Patients undergoing hip and knee replacement surgery are at particularly high risk of developing VTE(2). In fact, VTE is the most common cause of hospital readmission following orthopedic surgery(2). Currently, the therapeutic options for preventing thromboembolic diseases are limited. Most anticoagulants are only available in an injectable form, which limits their long-term use. The most commonly used oral product is warfarin, which has been on the market for more than 50 years and is associated with numerous limitations. Notably, warfarin has a narrow therapeutic window, which means that there is little difference in the dose that provides effective protection against thrombosis and the dose that leads to bleeding. As a result of this narrow therapeutic window, patients must undergo time consuming and costly monitoring that can significantly impact patient quality of life. Managing this narrow therapeutic window is complicated by frequent drug-drug and drug- food interactions with warfarin. An ideal therapy would provide predictable and reliable protection for patients at risk of thromboembolic events, be suitable for long-term use with a low risk of bleeding, have no interactions with food or other drugs, and not require coagulation monitoring.

About dabigatran etexilate

Dabigatran etexilate is a promising new oral direct thrombin inhibitor that specifically and reversibly inhibits thrombin, the key enzyme for blood clot formation and is currently in phase 3 development. It is administered orally in a fixed dose and has a rapid onset of action. Published data shows that dabigatran etexilate provides a predictable and consistent anticoagulant effect, which suggests that coagulation monitoring will not be required. Published data also suggest that CYP450 isoenzymes are not involved in dabigatran etexilate metabolism and dabigatran etexilate has no inhibitory or inductory effect on CYP450 isoenzymes, which metabolizes many drugs, indicating low interaction potential. In pharmacokinetic studies, no food effect was observed with dabigatran etexilate.

Further studies investigating dabigatran etexilate

The RE-MODEL trial is part of a multi-center, randomized global trial program designed to investigate the novel oral direct thrombin inhibitor dabigatran etexilate as a potential treatment for several thromboembolic medical conditions. The trials are expected to involve more than 27,000 patients from Asia, Australia, Europe, the Americas, and South Africa. Patients will be divided into different treatment arms involving dabigatran etexilate compared with warfarin or Enoxaparin.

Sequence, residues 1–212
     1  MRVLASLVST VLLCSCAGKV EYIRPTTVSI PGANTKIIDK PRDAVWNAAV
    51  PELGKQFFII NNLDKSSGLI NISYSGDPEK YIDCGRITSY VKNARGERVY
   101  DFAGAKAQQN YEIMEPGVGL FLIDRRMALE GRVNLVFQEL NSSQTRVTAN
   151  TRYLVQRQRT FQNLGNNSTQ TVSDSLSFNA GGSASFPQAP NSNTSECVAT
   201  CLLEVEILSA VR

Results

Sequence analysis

RE-LY(TM), a phase 3 study, is investigating dabigatran etexilate as a potential treatment for stroke prevention in atrial fibrillation. Total enrollment for this study is targeted at 15,000 patients from almost 1,000 study centers worldwide.

RE-MODEL(TM) investigated thromboembolism prevention after knee surgery in 2,000 patients throughout the European Union, South Africa and Australia. RE-MOBILIZE(TM) investigated dabigatran etexilate for the same indication in a similar patient population in North America.

RE-NOVATE(TM) conducted in the European Union, South Africa, and Australia, investigated approximately 3,300 hip surgery patients. RE-COVER and RE-MEDY are investigating dabigatran etexilate for acute treatment and secondary prevention of venous thromboembolism.

About Boehringer Ingelheim Pharmaceuticals, Inc.

Boehringer Ingelheim Pharmaceuticals, Inc., based in Ridgefield, CT, is the largest U.S. subsidiary of Boehringer Ingelheim Corporation (Ridgefield, CT) and a member of the Boehringer Ingelheim group of companies.

The Boehringer Ingelheim group is one of the world's 20 leading pharmaceutical companies. Headquartered in Ingelheim, Germany, it operates globally with 143 affiliates in 47 countries and approximately 37,500 employees. Since it was founded in 1885, the family-owned company has been committed to researching, developing, manufacturing and marketing novel products of high therapeutic value for human and veterinary medicine.

In 2005, Boehringer Ingelheim posted net sales of US $11.8 billion (9.5 billion euro) while spending approximately one-fifth of net sales in its largest business segment, Prescription Medicines, on research and development.

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(1) Eriksson BI, Dahl OE, van Dijk CN, et al. A new oral anticoagulant,
dabigatran etexilate, is effective and safe in preventing venous
thromboembolism after total knee replacement surgery (The RE-MODEL
Trial). Abstract #573 presented at the 48th Annual Meeting of the
American Society of Hematology in Orlando, Fl, 2006

(2) Blanchard J, Meuwly J-Y, Leyvraz P-F, et al. Prevention of deep-vein
thrombosis after total knee replacement. J Bone Joint Durg Br 1999;
81-B; 654-9

Source: Boehringer Ingelheim Pharmaceuticals